President Obama celebrated Earth Day this week by visiting the Florida Everglades where he spoke about the threat that climate change poses to our economy and to the world. While there, he sat down with Bill Nye the Science Guy to discuss that threat, conservation, and science education in America. Watch that conversation below:
It's Earth Day -- and all day long, we'll be keeping you updated right here with videos, photos, and opportunities to add your voice to the #ActOnClimate conversation. Follow along here for highlights from the President's trip to the Everglades -- and speak up on Twitter, Facebook, and Instagram using the hashtag #ActOnClimate. We'll be reading and sharing what we hear from you.
This morning, the President is heading to the Florida Everglades along with Bill Nye the Science Guy and Interior Secretary Sally Jewell.
At 3 p.m. ET, the President will deliver remarks from the Everglades.
At 3:30 p.m. ET, EPA Administrator Gina McCarthy will hold a Twitter Q&A on Latino public health.
Earlier this week, Senior Advisor Brian Deese wrote Americans around the country, encouraging them to help make the importance of fighting the effects of climate change personal and local for their friends and followers by sharing a photo of the park or natural space they're fighting to protect.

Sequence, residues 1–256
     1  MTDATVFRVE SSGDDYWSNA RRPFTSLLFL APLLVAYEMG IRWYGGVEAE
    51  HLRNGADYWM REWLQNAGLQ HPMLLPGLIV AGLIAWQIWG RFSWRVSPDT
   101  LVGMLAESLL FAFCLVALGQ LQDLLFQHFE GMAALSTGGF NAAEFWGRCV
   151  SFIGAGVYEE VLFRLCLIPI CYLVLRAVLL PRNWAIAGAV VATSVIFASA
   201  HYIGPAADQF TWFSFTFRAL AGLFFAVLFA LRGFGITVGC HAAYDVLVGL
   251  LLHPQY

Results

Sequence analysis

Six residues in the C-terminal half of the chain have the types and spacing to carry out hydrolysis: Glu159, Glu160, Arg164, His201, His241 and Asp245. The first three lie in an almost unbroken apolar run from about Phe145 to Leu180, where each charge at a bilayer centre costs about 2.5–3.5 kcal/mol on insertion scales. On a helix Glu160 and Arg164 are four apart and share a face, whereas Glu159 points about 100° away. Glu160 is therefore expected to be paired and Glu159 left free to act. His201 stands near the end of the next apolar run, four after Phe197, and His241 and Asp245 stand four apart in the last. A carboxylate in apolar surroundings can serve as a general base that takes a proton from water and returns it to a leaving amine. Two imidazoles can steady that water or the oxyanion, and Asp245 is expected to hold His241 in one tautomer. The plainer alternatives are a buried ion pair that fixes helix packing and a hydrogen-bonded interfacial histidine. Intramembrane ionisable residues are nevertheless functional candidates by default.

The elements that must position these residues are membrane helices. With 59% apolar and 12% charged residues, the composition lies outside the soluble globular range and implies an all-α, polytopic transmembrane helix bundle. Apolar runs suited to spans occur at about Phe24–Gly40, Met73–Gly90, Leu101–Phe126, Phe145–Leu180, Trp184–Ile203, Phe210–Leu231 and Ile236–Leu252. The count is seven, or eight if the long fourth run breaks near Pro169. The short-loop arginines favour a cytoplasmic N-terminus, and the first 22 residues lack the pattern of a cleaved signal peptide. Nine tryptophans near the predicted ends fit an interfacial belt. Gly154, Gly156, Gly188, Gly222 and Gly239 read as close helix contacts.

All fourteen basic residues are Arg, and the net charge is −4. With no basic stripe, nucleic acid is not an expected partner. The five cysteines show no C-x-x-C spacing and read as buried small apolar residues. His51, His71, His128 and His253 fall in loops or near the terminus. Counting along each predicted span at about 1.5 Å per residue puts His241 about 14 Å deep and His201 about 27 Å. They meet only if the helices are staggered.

Share yours using hashtag #ActOnClimate or send it our way here.
There are conservation efforts happening around the country today (and every day) -- find one near you.
One of our favorite Instagram accounts is the U.S. Department of the Interior's -- consistently featuring interesting environmental stats and beautiful, sweeping photos of our nation's most beautiful outdoor spaces. If you're not following @usinterior, today's the perfect day to change that.
Sometimes, it can be daunting to think about the kind of big, sweeping changes we need to make on climate in terms of individual, local actions. That's why, in honor of Earth Day, the Department of Energy put together an inspiring video highlighting the stories of the small but powerful things Americans across the country are doing every day.
President Obama isn't the first President or Cabinet member to visit the Everglades. Check out a few photos of other Presidential and Cabinet trips to this region over the years.
All week long, you've been sharing how you act on climate -- from what you're doing in your own communities to the natural spaces you're fighting to preserve.
Today, more than 80 percent of American families live in urban areas, and many don't have access to safe outdoor spaces. This past February, the Obama Administration launched a new initiative to provide all 4th grade students and their families free admission to all National Parks and other federal lands and waters for a full year -- starting with the 2015-2016 school year.
Starting in Sept, every 4th grader gets free admission to our national parks. POTUS making his pitch in person. pic.twitter.com/AXrN8gOdg5— Jason Goldman (@Goldman44) April 22, 2015
-- President Obama, 4/22/2015
Watch the President's full remarks from the Everglades:
Have a question about climate change or public health issues affecting the Latino community? EPA Administrator Gina McCarthy is taking your questions right now. Follow along, and tweet your questions at @GinaEPA using hashtag #LatinoHealth.